A 737 Max 8 plane destined for China Southern Airlines sits at the Boeing Co manufacturing facility in Renton, Washington, US, on Mar. 12, 2019. (DAVID RYDER / BLOOMBERG)
Boeing Co’s US$600 billion-plus order book for its 737 Max began shaking after several big customers threatened to reconsider their purchases in the wake of the Ethiopian Airlines crash, the second deadly accident involving the plane since October.
VietJet Aviation JSC, which doubled its order to about US$25 billion only last month, said it will decide on its future plans once the cause of the tragedy has been found. Kenya Airways Plc is reviewing proposals to buy the Max and could switch to Airbus SE’s rival A320. Russia’s Utair Aviation PJSC is seeking guarantees before taking delivery of the first of 30 planes.
That’s as Indonesia’s Lion Air firms up moves to drop a US$22 billion order for the 737 in favor of the Airbus jet, according to a person with knowledge of the plan. Separately, a US$5.9 billion order from a unit of Saudi Arabian Airlines hangs in the balance.
The 737, which first entered service in the late 1960s, is the aviation industry’s best-selling model and Boeing’s top earner. The re-engineered Max version has racked up more than 5,000 orders worth in excess of US$600 billion, including planes that have already been delivered.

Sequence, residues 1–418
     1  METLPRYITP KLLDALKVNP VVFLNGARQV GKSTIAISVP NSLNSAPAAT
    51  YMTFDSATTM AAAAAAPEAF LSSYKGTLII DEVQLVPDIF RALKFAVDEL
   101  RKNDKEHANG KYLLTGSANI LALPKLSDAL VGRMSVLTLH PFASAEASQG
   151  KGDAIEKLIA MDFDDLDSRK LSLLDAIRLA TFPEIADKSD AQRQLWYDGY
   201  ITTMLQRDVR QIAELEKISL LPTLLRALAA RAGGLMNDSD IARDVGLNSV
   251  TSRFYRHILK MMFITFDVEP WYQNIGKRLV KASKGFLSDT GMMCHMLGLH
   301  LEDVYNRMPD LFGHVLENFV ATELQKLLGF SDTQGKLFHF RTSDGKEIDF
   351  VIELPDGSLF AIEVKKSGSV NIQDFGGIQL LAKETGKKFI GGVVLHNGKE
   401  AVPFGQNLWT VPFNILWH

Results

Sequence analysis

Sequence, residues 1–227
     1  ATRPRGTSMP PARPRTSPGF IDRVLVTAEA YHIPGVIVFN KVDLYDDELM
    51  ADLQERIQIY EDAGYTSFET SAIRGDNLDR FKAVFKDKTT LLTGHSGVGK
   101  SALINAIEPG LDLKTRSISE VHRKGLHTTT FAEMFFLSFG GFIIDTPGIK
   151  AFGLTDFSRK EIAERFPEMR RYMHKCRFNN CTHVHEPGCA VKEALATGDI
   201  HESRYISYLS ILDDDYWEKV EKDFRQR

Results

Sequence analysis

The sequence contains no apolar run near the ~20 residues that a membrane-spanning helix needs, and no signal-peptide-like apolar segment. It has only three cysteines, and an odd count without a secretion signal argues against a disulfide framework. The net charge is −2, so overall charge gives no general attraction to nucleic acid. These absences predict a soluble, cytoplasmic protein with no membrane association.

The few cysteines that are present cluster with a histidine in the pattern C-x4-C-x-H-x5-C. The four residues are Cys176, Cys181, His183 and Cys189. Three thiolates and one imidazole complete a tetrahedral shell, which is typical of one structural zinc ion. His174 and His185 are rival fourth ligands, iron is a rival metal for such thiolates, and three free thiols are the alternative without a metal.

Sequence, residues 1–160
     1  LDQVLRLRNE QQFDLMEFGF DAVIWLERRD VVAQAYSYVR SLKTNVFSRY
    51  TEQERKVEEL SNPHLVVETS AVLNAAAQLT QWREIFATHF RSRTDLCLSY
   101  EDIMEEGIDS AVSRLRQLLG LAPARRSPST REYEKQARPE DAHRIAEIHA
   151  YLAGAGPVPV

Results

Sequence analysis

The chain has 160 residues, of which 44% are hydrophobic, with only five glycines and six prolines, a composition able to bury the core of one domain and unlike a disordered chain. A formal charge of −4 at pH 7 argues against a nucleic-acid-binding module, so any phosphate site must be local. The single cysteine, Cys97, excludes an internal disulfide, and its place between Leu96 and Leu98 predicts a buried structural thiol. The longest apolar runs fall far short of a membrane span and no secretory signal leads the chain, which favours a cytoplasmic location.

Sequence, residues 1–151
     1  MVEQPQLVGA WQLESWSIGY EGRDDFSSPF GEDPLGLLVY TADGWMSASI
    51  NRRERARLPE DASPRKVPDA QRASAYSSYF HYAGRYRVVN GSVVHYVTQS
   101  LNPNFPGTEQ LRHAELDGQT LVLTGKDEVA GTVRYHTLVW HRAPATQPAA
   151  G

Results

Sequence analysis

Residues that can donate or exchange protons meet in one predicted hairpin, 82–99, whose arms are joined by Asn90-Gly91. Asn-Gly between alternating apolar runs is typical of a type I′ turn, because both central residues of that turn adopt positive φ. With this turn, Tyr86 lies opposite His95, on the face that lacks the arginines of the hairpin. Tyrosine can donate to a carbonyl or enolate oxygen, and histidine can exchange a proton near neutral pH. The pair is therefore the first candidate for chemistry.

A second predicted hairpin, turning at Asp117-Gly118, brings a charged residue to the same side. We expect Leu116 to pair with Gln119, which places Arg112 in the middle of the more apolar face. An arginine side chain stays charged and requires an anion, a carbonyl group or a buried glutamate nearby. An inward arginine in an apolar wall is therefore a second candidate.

Boeing, whose shares have lost 11 percent of their value this week, faces escalating financial risk after two disasters involving its newest narrow-body jet in the past five months. The stock inched up 0.5 percent on Wednesday in New York after seeing its biggest two-day drop in almost a decade.
With extensive grounding of the 737 Max, near term news could get worse for Boeing before it improves
Cai von Rumohr, Analyst with Cowen & Co
The deadly crash in Ethiopia comes just about five months after the Oct 29 crash of another Boeing 737 Max plane, operated by Indonesia’s Lion Air. The relationship between the carrier and Boeing soured after the manufacturer pointed to maintenance issues and human error at Lion as the underlying cause, even though the planes pilots had been battling a computerized system that took control following a sensor malfunction.
Sunday’s loss of an Ethiopian Airlines 737, in which 157 people died, bore similarities to the Asian tragedy, stoking concern that a feature meant to make the upgraded Max safer than earlier planes has actually made it harder to fly.
Boeing is in crisis as most of the world grounded the plane. On Wednesday, US regulators joined the global chorus by grounding the plane, citing evidence showing the Ethiopian Airlines flight may have experienced the same problem as the plane that went down five months ago off Indonesia.
“With extensive grounding of the 737 Max, near term news could get worse for Boeing before it improves,” Cai von Rumohr, an analyst with Cowen & Co, said in a note. However, he added, because the company is readying an update to its flight-control software, “we don’t see meaningful long term risk.”
Indeed, the only real rival to Boeing is European planemaker Airbus, whose production line for the A320neo is full well into the next decade. Alaska Air Group Inc. said Wednesday it would take delivery of its first Max aircraft.
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